Dark and ever-changing Each Will Have His Personal Rocket is a slow procession of an ambiguous and hesitant rhythm. Its intro is obscure, even dark, and progresses with pulsations which constantly accentuate a rhythmic duel under murky breaths as well as black winds ululating like mermaids and a bass line with roaring chords. Percussions are linked to this slow rhythmic procession in mid-course. The tempo then progresses with rolling electronic beats and a more spasmodic rhythm which clumsily gesticulates under the dark and icy synth winds. Another catchy track, but for totally different reasons, Dawn is a little gem that is sure to appeal to fans of Tangerine Dream and their rolling balls on the Hyperborea and Poland albums. Superb, these sequences stamp and roll nervously to follow a very good oscillatory curve under suave synth breaths. Memories of a good time fill our ears on this very good track, one of the most accessible of this album, which precedes the no less tasty Blissfully Ours and its structure just as catchy and inviting to stomp your foot than that of So Much for Subtlety, except that it's more abrupt and choppy. Another good catchy track, Thank You and Good Night closes THE SECRET SOCIETY with a fluid rhythm whose curves and elastic loops catch on iridescent buzzes as well as superb percussions. Percussions which sculpt a bewitching rhythmic pattern with clear and resonant hits which announce good rhythmic modulations. Penetrating, the synth launches good layers as ethereal as they are enveloping, randomly crossing riffs and lost breaths. It's a very good conclusion for an album which is often the antipodes of its rhythms, its influences and its melodies.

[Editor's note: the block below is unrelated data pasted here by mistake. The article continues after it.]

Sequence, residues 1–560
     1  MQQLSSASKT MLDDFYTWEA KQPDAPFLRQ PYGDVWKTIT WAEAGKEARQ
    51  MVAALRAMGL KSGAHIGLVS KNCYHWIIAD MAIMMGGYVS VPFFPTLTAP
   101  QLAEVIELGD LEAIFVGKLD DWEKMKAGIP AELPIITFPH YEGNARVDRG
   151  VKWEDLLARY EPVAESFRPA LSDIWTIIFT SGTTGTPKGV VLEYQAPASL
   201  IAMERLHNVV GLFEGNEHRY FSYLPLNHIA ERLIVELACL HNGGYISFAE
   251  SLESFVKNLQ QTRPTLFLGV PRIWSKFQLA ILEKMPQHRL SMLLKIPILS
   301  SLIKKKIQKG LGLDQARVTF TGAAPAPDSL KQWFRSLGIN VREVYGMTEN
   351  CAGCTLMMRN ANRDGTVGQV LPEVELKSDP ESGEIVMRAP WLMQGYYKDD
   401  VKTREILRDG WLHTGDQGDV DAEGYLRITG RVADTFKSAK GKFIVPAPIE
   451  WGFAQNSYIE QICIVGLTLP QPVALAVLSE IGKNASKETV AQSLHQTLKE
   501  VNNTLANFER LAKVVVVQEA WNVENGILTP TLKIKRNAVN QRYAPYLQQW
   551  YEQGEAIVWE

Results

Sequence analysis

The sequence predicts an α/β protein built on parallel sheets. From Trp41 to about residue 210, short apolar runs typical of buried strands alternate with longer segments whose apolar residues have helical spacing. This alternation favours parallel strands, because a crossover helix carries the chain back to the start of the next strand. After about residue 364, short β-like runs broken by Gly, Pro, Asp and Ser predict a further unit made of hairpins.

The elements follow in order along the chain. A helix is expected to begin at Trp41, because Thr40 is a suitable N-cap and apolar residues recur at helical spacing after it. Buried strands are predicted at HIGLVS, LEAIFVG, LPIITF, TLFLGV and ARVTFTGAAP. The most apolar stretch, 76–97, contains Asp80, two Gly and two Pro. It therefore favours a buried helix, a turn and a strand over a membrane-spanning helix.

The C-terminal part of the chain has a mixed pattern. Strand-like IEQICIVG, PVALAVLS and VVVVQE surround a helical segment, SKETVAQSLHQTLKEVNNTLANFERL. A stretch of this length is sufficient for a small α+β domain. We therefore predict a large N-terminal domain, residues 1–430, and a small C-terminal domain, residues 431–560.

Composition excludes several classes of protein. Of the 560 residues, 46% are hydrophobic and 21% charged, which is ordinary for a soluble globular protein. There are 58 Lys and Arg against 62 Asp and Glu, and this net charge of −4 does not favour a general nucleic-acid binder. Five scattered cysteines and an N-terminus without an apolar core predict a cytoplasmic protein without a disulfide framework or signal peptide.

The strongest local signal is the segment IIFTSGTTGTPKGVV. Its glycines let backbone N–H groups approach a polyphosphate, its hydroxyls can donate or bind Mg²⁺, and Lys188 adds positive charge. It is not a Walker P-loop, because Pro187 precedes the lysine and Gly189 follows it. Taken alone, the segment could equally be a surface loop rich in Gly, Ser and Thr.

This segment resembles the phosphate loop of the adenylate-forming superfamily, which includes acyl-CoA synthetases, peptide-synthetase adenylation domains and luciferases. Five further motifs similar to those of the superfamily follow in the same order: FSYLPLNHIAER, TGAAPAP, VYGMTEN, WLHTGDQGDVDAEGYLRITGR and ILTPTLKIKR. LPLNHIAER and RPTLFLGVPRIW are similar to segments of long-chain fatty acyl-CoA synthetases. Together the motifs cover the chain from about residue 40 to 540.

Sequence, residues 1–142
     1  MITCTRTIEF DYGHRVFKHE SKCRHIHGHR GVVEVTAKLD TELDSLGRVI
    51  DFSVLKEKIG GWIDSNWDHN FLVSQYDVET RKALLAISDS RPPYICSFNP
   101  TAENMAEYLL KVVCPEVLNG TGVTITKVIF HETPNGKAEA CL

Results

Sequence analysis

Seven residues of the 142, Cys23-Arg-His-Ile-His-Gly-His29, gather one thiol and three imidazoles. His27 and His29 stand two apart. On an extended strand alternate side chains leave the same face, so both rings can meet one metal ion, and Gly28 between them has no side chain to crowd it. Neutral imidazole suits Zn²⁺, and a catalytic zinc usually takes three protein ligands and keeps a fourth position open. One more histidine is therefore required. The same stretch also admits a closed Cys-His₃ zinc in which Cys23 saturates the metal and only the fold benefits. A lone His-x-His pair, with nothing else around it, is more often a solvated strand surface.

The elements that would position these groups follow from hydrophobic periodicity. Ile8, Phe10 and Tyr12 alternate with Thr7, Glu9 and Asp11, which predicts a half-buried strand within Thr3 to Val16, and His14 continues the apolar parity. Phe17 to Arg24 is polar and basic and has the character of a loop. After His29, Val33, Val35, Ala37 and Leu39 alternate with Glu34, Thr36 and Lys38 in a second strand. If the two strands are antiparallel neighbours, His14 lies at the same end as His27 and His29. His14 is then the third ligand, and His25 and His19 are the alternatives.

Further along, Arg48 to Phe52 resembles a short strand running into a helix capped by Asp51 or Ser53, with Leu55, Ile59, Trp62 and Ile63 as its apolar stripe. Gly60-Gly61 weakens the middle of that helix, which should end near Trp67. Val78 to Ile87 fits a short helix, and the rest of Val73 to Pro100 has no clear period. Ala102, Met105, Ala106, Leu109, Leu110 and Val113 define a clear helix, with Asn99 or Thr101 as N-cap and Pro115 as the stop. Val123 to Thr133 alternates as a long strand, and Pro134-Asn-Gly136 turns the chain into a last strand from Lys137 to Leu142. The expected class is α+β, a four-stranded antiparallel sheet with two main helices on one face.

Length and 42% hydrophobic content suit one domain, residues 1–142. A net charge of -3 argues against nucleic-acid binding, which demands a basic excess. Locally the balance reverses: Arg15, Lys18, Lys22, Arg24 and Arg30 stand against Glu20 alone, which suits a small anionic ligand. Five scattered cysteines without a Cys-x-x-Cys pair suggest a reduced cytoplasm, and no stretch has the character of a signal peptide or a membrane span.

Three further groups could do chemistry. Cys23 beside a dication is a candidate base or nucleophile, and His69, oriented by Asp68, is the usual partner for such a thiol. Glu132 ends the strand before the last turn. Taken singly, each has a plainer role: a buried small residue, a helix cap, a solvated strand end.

In conclusion, I loved this first opus by Lyonel Bauchet. Navigating on several influences and several rhythmic approaches, THE SECRET SOCIETY touches on all spheres and possibilities of styles that EM and synthesizers can influence. And spread over 60 minutes, we must admit that the diversity is such that we must satisfy our desire to explore over several listenings and even more. Available in downloadable format on DiN website, this album guarantees you 60 minutes of pure magic with all the happiness of discovering music full of surprises and favorites.

Sylvain Lupari (November 26th, 2011) *****


Available at DiN Bandcamp